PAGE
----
February 2018, arsenal cinema

Tribute to István Szabó


A world-class director, auteur, creator of grand historical topographies, as well as intense landscapes of the soul: István Szabó (*1938, Budapest) is arguably the most famous director in Hungary, having made some 40 films. APA (Father, 1966), MEPHISTO (1981), ÉDES EMMA, DRÁGA BÖBE (Sweet Emma, Dear Böbe, 1991) and his most recent work THE DOOR (2012) have all marked the cinematography of his country, as well as European/international cinema generally – in the first instance as a singular voice in the art of film, but also as an exact observer and commentator of cultural, aesthetic and political developments, as well as a teacher. His films – the first shorts were made at the end of the 1950s – are united by a precise and sensitive approach to their protagonists in times of political and social upheaval. They are critical, empathetic studies of the consequences of the historical ruptures in Europe over the past 100 years on individual lives. However, the films always go beyond particular moments, bringing the human, moral and personal crystallizations – the fields of tension between power and resistance, identity and assimilation, art and politics – into the present. To kick off a series of international programs and retrospectives to celebrate the director’s birthday, we will be showing six films from his nuanced oeuvre, which ranges from concentrated Kammerspiel to huge expansive productions featuring star casts. We are pleased to welcome István Szabó himself to Arsenal on 2nd and 3rd February.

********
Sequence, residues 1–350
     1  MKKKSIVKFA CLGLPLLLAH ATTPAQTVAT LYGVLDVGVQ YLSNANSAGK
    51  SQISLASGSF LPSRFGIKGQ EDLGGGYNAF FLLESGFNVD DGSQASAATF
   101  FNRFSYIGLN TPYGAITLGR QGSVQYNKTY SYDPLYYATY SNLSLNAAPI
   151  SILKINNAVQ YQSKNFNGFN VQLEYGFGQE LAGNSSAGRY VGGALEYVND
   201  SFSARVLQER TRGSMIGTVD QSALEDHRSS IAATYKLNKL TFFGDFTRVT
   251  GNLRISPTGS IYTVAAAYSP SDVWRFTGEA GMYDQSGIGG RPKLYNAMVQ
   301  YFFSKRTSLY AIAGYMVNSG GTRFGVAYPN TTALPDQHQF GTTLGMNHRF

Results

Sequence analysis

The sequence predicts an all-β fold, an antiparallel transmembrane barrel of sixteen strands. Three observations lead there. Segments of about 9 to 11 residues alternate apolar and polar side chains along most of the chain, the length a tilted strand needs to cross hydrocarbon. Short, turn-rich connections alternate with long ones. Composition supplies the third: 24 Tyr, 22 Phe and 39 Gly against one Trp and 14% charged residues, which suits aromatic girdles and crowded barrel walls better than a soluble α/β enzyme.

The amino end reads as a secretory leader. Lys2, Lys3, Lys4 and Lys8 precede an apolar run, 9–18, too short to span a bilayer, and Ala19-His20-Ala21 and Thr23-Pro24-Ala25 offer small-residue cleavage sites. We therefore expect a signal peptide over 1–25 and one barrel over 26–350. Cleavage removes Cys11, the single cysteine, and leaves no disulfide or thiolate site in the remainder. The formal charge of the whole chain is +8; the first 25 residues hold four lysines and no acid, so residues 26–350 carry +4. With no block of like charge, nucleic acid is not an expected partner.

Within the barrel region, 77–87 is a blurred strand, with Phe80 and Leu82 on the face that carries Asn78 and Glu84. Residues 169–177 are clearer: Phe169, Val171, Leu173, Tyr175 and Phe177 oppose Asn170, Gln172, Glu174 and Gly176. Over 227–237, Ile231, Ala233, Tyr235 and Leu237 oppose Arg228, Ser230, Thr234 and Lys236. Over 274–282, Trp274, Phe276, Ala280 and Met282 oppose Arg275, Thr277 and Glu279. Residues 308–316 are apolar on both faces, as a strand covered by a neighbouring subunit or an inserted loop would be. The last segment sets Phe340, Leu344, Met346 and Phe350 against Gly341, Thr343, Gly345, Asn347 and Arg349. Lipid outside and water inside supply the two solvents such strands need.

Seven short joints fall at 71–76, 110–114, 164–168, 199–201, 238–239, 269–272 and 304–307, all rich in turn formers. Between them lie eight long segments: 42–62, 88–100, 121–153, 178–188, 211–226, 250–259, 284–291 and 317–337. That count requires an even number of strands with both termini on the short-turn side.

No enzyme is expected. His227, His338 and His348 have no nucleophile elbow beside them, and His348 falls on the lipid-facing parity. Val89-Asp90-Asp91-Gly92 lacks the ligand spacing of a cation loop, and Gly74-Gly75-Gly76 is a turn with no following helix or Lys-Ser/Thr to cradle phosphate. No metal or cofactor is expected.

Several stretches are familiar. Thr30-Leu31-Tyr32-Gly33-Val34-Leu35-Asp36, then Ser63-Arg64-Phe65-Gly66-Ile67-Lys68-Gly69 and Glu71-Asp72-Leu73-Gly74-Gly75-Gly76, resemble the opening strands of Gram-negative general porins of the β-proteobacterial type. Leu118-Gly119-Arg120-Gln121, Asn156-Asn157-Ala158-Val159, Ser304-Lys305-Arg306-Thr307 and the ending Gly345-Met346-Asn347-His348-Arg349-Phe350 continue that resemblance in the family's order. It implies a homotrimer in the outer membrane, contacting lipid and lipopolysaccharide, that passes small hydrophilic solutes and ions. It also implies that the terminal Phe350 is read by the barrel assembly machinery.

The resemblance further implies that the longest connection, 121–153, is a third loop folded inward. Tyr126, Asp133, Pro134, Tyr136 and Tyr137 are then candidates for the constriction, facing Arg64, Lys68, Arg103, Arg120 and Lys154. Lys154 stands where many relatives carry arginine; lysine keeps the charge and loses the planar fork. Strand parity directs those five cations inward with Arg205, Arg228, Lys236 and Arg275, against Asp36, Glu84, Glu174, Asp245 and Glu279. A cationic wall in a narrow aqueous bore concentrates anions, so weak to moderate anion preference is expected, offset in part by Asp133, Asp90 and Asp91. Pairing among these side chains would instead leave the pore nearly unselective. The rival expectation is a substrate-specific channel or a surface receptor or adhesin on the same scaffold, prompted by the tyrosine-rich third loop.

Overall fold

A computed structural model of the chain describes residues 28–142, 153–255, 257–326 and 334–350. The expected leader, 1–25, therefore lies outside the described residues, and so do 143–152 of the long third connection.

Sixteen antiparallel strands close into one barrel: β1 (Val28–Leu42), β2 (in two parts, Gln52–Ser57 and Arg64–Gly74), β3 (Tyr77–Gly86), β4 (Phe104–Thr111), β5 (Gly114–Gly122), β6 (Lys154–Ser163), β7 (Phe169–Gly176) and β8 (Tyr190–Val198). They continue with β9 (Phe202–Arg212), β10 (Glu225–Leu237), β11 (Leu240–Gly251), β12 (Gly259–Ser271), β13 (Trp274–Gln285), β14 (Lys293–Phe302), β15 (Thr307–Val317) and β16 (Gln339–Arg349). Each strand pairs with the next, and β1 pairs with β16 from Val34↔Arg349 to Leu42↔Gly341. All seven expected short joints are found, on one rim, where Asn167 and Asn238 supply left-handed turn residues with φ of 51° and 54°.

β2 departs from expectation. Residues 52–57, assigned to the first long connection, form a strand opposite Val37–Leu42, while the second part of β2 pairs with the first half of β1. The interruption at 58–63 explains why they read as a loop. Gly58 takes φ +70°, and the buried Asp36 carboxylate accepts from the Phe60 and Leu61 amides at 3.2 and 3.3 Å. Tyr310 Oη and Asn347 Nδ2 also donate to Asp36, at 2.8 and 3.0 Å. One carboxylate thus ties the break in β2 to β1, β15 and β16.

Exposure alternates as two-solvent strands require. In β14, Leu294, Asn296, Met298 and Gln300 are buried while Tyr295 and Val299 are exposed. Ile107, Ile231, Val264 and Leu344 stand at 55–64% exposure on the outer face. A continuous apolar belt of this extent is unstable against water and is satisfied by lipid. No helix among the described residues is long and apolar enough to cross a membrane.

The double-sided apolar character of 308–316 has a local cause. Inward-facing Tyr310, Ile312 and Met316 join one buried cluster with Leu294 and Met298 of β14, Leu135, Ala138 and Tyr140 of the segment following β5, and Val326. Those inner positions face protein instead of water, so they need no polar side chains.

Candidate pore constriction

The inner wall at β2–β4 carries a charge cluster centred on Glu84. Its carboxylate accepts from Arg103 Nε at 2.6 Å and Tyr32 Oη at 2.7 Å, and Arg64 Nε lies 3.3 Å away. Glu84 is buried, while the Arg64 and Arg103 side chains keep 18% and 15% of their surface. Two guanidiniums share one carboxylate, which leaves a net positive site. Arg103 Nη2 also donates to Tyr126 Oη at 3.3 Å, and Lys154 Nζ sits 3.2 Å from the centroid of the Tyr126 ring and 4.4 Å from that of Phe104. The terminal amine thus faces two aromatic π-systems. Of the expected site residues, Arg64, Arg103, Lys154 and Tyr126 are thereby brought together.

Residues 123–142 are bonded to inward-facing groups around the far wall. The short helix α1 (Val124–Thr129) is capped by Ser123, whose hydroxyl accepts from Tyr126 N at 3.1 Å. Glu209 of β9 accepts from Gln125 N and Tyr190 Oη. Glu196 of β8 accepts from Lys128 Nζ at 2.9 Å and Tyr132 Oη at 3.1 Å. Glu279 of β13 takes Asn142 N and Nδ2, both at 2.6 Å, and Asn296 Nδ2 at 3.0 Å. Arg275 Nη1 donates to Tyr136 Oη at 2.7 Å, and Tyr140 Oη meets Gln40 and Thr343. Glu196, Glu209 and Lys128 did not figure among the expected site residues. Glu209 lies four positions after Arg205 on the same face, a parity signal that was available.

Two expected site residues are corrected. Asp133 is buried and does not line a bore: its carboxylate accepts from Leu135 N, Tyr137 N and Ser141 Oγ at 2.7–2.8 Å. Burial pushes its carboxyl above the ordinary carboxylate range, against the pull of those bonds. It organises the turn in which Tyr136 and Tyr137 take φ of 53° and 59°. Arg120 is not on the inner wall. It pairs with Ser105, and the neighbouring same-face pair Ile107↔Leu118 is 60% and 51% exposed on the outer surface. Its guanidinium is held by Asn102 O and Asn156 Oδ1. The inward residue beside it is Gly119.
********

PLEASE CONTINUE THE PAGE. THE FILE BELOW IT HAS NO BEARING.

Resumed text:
ÉDES EMMA, DRÁGA BÖBE – VÁZLATOK, AKTOK (Sweet Emma, Dear Böbe, Hungary 1991, 2.2., guest: Johanna ter Steege, István Szabó) Budapest, early 1990s, not long after the fall of communism. At the school where Emma (Johanna ter Steege) taught Russian for many years, the textbooks that she used are now burning. Suspected by students and their colleagues, Emma and her friend Böbe (Enikö Börcsök) start training to become English teachers instead - a painstaking undertaking. Emma struggles and seeks (emotional) support, which she in no way finds in her relationship with the fickle, opportunistic and more importantly married school headmaster. When Böbe is arrested on flimsy grounds, Emma's life also goes off kilter. The film's sub-heading is "Sketches, Nudes" - Szabó sketches confusing and harrowing vignettes of a struggle to survive that is material, social and moral.